“Imagination is more important than knowledge. For knowledge is limited to all we now know and understand, while imagination embraces the entire world, and all there ever will be to know and understand.” ~ Albert Einstein
I’m one of those people who imagines … the best of people, life, situations, etc. So I imagine I’m a good teacher, good aunt to my 20+ nieces and nephews, good sister, daughter, friend, co-worker, etc. When I stumble, fumble, or all-around ‘bite it’ while walking up the stairs (trust me people, it’s possible) I laugh out loud. I imagine if I were watching “me” fall up the stairs, how ridiculous it would look and that causes the crazy laughter that I expel as I lay splayed on the steps leading up. All actions that don’t necessarily promote the idea that I’m a “sane,” adult person. I’m one of those people who laugh first and then, realizing I may appear heartless and maniacally evil, do the quick gasp intake and, “oh!”, and THEN rush to make sure the person who was hurt, embarrassed, or stunned, isn’t going to have any lasting ill effects. Of course, if you’re awkwardly looking around hoping no one saw you, I will oblige and pretend like I didn’t see you make a semi-fool out of yourself. I’m nice like that.
I’m also one of those awkward laugh-out-louders in the movie theater during films. My younger sister, Becca, will attest to the shame she feels as she sits next to me and I laugh “inappropriately” during a comedy. She either: 1. smacks me and quietly shushes me with all the venom within her (which isn’t a lot because, honestly, I love her and she’s a great person), 2. Turn turtle and slink down in her seat hoping fellow theatre patrons think I’m a psychiatric patient who has escaped my “safe room” and somehow was lucid enough to wander to a movie theatre, purchase a ticket for a comedy, and be “respectable” up until the spasm of laughter that escaped me, 3. Ignore me, but quietly seethe inside until, after the movie is over and we are walking out to the car, she can vent her frustration and disappointment on me, which subsequently sends me down into a spiral of shame from which I never fully recover, or 4. Rolls her eyes and ignores me, never to mention – again – how I laughed out loud in the movie theater and embarrassed her.
What can I say, I have a pretty good imagination and I tend to easily lose myself in things. I can get so wrapped up when reading that I literally forget where I am and am not aware of my surroundings. People can talk to me, but I don’t listen. They have to physically shake my arm in order to “wake me up” and realize there is a world outside of the words found on a page. (Note: This doesn’t just apply to books, but has also occurred with newspapers, poems, the backs of cereal boxes, and telephone books. Oh the wonder of the name Mike Smith. My imagination just tingles as I read that name on my screen. ;).
Movies aren’t really all that different for me. I willfully suspend my disbelief while watching movies. Yes, I know what is real and what isn’t, and I understand that the monsters on the screen, or futuristic robots, or people getting killed aren’t real – but try telling THAT to my imagination as it does business in the currency of “what if”. This easy immersion of my mind into what is happening on the screen is why I don’t watch scary movies. As was previously mentioned before, I realize that Chucky isn’t real, but what if? I also understand that Chewbacca isn’t flying around in space somewhere, but what if he was? I also know that what is being played out on the screen is done by people paid to act, emote, and present their characters in a specific light; however, please don’t ask me to be comfortable with someone being embarrassed. I have a weird thing about unintentional and malicious embarrassment in movies – I hate it! I’m sure there’s some link to an earlier incident in my childhood which has resulted in scars I attempt to deal with as the fully functional adult that stands before you now, but that doesn’t change the fact of the matter that embarrassing someone isn’t cool. When I know someone is about to be humiliated or embarrassed on the screen I either get up and leave the room (especially if someone else is watching the movie with me) because I don’t think the character needs another witness to their shame, or I cover my eyes and/or look away from the screen for the same reason as stated earlier.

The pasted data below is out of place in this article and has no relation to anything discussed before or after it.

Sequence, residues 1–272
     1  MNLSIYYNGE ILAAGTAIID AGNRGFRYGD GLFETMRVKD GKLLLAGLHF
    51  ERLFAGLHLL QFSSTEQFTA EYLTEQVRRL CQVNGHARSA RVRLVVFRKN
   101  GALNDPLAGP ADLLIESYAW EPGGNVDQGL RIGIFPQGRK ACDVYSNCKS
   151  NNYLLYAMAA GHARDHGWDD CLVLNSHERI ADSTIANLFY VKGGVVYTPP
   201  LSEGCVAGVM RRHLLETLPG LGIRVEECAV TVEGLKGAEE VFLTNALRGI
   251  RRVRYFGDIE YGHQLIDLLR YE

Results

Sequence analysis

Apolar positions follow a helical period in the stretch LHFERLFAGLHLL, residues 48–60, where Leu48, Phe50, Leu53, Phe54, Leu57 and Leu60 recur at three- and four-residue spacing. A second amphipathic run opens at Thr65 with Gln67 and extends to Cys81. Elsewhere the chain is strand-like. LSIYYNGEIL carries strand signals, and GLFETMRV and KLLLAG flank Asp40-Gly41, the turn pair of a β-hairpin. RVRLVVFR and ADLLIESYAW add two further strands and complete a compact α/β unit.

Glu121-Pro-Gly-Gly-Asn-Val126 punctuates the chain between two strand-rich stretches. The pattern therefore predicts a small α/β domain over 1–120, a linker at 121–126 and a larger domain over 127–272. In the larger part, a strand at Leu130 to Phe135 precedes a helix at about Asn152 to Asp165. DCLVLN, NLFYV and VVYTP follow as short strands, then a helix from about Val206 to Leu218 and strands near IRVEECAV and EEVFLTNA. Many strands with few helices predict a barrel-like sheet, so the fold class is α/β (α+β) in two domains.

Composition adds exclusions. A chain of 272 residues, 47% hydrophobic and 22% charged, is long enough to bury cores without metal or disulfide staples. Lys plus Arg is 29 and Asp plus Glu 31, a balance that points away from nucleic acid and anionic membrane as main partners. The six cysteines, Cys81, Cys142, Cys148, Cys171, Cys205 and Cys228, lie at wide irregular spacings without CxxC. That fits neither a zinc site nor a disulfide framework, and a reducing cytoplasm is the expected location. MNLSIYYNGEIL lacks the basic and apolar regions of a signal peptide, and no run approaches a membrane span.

Does all of this imagination make me weird and odd? Um, probably, but I embrace my weirdness since it’s not really hurting anyone. I also believe that my active imagination allows me to better understand and have fun with those younger than me: my students, nieces and nephews, children of co-workers or friends, etc. This ability to imagine serves a dual purpose of easily relating to kids (as I learned yesterday when I took four of my nieces and nephews, ranging in ages from 14 to 3 years-old, to the movie “Despicable Me” and Chucky Cheese (Chucky Jesus if you’re a three year-old) and enjoyed their unique imagination and perspective toward life) as well as seeing the possibilities and what if’s of life and actions. I honestly think it helps me, as a teacher, see the potential within my student’s writing and help to encourage them as they work to better their written communication skills and learn that Spot, the dog, doesn’t just run, but he leaps, bounds, wriggles his butt when he wags his tail, licks, slobbers, and does so many more evocative and interesting things than a single, one-dimensional world would have us believe. Digging beneath the surface and seeing what else is possible or being said is what I hope my students learn – all things which live in the realm of imagination and what if.
So that’s the mindset I try to inhabit as I go forward and attempt to finally read and grade my student’s papers today. Serenity now!